It's the first death anniversary of Arun Jaitley and the finance ministry described him as one who 'played a key role' in the GST implementation. To commemorate the occasion, the ministry released information on the successes of the GST era.
GST implementation began in 2017. It has had its fair share of criticism, especially on certain sectors and commodities. However, the finance ministry released today certain areas where it has improved the situation.
Finance ministry on expansion of taxpayer base
The finance ministry issued a series of tweets on Monday morning, "On the first death anniversary of Shri Arun Jaitley, we pay our respects and remember his lasting contribution to nation-building and the legacy he left behind as Union Finance Minister during 2014-19."
Further, "As we remember Shri Arun Jaitley today, let us acknowledge the key role he played in the implementation of GST, which will go down in history as one of the most fundamental landmark reforms in Indian taxation."
The goal of the GST was to regularise a standard rate of taxation across India, "Before GST, the combination of VAT, Excise, Central Sales Tax and the cascading effect of tax on tax resulted in the standard rate of tax being as high as 31% in many cases," the ministry said in a tweet on Monday morning.
However, the ministry has said following the implementation of the GST taxpayer base has grown over the years from 65 lakh before implementation to 1.24 crore, "The multiple markets across India, with each state charging a different rate of tax, led to huge inefficiencies and costs of compliance. Under GST, compliance has been improving steadily. The taxpayer base has almost doubled to 1.24 crore."
The ministry also said that now with GST the rate at which people need to pay taxes has come down significantly, "GST has reduced the rate at which people have to pay tax. The revenue-neutral rate as per the RNR Committee was 15.3%. Compared to this, the weighted GST rate at present, according to the RBI, is only 11.6%."
Furthermore, contradicting the criticisms against the GST implementation, the ministry has insisted that GST has made taxpayers more compliant. Moreover, it said that GST is 'taxpayer-friendly' in its outlook.
Comparison of pre-GST and GST tax rates
The ministry revealed about rate changes that, "Now, Businesses with an annual turnover of up to Rs 40 lakh are GST exempt. Initially, this limit was Rs 20 lakh. Additionally, those with a turnover up to Rs 1.5 crore can opt for the Composition Scheme and pay only 1% tax."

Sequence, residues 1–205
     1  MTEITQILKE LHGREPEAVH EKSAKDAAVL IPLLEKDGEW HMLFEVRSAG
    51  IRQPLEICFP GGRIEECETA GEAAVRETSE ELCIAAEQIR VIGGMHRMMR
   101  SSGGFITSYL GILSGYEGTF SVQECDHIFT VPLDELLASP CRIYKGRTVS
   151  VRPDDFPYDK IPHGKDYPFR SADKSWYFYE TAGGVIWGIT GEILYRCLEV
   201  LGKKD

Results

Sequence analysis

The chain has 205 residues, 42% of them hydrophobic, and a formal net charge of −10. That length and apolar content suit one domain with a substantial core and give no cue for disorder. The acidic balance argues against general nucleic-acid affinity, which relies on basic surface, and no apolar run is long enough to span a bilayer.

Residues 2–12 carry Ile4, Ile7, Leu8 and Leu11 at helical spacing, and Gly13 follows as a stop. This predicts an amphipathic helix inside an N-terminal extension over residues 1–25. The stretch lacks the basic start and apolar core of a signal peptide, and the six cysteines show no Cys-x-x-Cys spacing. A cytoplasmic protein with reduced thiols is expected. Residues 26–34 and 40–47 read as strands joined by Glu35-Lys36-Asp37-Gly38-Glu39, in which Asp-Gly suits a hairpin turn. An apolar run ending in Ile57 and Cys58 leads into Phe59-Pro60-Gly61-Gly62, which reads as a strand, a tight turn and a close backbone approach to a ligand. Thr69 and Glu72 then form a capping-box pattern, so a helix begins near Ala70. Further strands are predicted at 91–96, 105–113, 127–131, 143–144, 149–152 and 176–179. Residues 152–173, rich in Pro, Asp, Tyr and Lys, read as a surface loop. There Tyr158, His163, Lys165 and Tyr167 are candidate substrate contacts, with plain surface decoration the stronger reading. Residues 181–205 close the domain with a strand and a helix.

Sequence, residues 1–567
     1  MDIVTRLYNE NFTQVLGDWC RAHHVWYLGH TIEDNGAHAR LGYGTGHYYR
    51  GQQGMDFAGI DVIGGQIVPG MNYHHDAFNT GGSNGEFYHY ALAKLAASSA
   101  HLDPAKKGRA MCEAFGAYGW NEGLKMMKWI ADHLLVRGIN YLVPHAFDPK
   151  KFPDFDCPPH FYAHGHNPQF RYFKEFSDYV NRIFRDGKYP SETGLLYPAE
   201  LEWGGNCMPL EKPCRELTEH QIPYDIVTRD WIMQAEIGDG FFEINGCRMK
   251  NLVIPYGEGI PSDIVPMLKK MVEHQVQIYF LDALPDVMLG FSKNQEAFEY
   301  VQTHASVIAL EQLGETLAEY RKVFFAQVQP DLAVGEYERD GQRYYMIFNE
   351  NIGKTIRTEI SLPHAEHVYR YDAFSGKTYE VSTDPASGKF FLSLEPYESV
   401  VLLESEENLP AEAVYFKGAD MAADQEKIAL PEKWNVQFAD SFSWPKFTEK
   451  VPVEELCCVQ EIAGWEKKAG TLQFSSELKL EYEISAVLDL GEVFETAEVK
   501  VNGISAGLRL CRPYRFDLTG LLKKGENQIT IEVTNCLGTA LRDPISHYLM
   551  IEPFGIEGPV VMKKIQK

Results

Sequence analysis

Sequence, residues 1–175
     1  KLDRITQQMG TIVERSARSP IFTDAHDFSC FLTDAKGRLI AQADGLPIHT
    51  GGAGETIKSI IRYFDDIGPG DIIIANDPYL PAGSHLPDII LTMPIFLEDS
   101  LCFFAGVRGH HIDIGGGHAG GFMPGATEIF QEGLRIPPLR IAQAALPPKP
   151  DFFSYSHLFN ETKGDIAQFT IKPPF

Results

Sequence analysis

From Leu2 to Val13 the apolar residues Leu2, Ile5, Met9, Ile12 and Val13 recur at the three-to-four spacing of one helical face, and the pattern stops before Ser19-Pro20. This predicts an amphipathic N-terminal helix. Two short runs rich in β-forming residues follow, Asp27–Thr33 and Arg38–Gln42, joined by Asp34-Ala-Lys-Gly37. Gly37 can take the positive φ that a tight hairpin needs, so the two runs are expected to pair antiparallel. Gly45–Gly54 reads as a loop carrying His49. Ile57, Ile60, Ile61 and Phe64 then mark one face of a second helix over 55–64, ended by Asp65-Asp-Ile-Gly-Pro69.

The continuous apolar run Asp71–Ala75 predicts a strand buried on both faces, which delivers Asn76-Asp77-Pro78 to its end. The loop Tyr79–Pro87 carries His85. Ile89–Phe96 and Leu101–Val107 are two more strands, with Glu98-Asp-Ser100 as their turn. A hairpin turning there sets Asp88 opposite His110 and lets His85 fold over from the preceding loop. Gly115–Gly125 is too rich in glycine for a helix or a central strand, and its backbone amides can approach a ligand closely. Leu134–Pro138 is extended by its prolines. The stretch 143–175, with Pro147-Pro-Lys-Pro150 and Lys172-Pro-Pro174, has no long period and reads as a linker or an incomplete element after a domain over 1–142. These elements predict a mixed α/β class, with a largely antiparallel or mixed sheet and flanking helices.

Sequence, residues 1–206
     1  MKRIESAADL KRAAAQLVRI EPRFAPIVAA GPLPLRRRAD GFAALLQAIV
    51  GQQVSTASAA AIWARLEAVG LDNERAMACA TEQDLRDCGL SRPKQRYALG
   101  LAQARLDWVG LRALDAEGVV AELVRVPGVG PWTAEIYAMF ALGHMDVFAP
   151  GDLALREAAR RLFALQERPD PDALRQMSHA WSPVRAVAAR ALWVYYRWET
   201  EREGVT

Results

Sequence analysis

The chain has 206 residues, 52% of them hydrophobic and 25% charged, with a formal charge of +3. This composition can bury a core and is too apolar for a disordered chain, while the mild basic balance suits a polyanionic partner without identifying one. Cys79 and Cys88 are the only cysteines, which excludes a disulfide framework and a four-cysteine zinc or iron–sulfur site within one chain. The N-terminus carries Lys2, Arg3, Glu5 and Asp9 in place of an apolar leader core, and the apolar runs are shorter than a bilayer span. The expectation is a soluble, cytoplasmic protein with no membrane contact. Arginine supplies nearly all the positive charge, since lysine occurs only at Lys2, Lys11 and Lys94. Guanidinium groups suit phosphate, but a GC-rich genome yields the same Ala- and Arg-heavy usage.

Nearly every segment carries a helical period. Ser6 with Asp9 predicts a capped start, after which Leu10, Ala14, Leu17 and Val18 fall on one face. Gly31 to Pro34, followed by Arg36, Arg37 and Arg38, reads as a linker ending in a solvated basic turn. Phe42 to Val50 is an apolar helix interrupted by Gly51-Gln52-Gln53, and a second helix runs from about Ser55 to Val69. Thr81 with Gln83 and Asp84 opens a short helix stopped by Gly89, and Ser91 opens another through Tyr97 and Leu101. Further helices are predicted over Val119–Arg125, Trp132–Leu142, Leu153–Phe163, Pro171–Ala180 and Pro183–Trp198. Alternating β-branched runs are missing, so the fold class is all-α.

It also talked about the items that fall under higher tax slabs and how the 28% rate is restricted to sin and luxury items, "Out of a total of about 230 items in the 28% slab, about 200 items have been shifted to lower slabs." The GST has also brought relief to the construction sector the ministry said, "Significant relief has been extended to the construction sector, particularly the housing sector. It has now been placed at the 5% rate. GST on affordable housing has been reduced to 1%."
The ministry released a list of certain items showing the different between pre-GST and GST rates. Most daily use items have been brought under the 5% rate, while appliances saw a reduction from 31.3% to 18%.
Common-use items also saw a reduction from 29.3% to 18% under GST. Interestingly, cinema tickets came down from 35% to 110%, to 12% & 18% under GST.
The finance ministry revealed its concessions to the agricultural sector as well, "Substantial concessions have been extended to the agriculture sector in GST. On fertilisers, the net tax incidence was halved in GST. On agricultural machineries, the tax incidence has come down significantly from 15-18% to 12% and on certain items from about 8% to 5%."
Many are asking why certain items commonly used are required to have 5% tax levied on them such as oil and sugar. Moreover, items like soap and toothpaste both have an 18% GST levied on it.